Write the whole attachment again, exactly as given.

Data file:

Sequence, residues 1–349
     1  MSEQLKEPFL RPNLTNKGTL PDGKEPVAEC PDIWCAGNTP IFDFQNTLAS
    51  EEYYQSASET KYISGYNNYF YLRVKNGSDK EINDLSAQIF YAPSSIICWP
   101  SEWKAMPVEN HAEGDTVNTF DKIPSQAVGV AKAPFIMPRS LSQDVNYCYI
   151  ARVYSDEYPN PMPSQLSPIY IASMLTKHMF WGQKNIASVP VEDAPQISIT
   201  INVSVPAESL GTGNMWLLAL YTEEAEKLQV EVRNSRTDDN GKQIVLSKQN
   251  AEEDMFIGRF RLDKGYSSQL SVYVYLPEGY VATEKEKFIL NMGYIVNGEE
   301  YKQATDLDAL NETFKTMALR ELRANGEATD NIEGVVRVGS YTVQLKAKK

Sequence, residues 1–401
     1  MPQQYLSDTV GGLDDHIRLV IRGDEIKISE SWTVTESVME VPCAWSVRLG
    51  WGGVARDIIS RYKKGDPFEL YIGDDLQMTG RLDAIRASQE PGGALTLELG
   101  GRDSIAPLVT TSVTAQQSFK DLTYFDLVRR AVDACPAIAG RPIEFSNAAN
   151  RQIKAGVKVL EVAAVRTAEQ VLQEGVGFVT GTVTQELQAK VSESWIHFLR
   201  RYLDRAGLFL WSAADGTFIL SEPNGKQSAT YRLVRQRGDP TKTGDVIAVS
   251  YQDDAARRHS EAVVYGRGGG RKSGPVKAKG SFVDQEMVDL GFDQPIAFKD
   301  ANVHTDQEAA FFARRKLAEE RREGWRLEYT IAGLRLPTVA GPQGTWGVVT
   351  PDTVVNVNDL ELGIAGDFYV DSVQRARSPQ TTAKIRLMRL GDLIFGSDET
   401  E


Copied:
Sequence, residues 1–349
     1  MSEQLKEPFL RPNLTNKGTL PDGKEPVAEC PDIWCAGNTP IFDFQNTLAS
    51  EEYYQSASET KYISGYNNYF YLRVKNGSDK EINDLSAQIF YAPSSIICWP
   101  SEWKAMPVEN HAEGDTVNTF DKIPSQAVGV AKAPFIMPRS LSQDVNYCYI
   151  ARVYSDEYPN PMPSQLSPIY IASMLTKHMF WGQKNIASVP VEDAPQISIT
   201  INVSVPAESL GTGNMWLLAL YTEEAEKLQV EVRNSRTDDN GKQIVLSKQN
   251  AEEDMFIGRF RLDKGYSSQL SVYVYLPEGY VATEKEKFIL NMGYIVNGEE
   301  YKQATDLDAL NETFKTMALR ELRANGEATD NIEGVVRVGS YTVQLKAKK

Sequence, residues 1–401
     1  MPQQYLSDTV GGLDDHIRLV IRGDEIKISE SWTVTESVME VPCAWSVRLG
    51  WGGVARDIIS RYKKGDPFEL YIGDDLQMTG RLDAIRASQE PGGALTLELG
   101  GRDSIAPLVT TSVTAQQSFK DLTYFDLVRR AVDACPAIAG RPIEFSNAAN
   151  RQIKAGVKVL EVAAVRTAEQ VLQEGVGFVT GTVTQELQAK VSESWIHFLR
   201  RYLDRAGLFL WSAADGTFIL SEPNGKQSAT YRLVRQRGDP TKTGDVIAVS
   251  YQDDAARRHS EAVVYGRGGG RKSGPVKAKG SFVDQEMVDL GFDQPIAFKD
   301  ANVHTDQEAA FFARRKLAEE RREGWRLEYT IAGLRLPTVA GPQGTWGVVT
   351  PDTVVNVNDL ELGIAGDFYV DSVQRARSPQ TTAKIRLMRL GDLIFGSDET
   401  E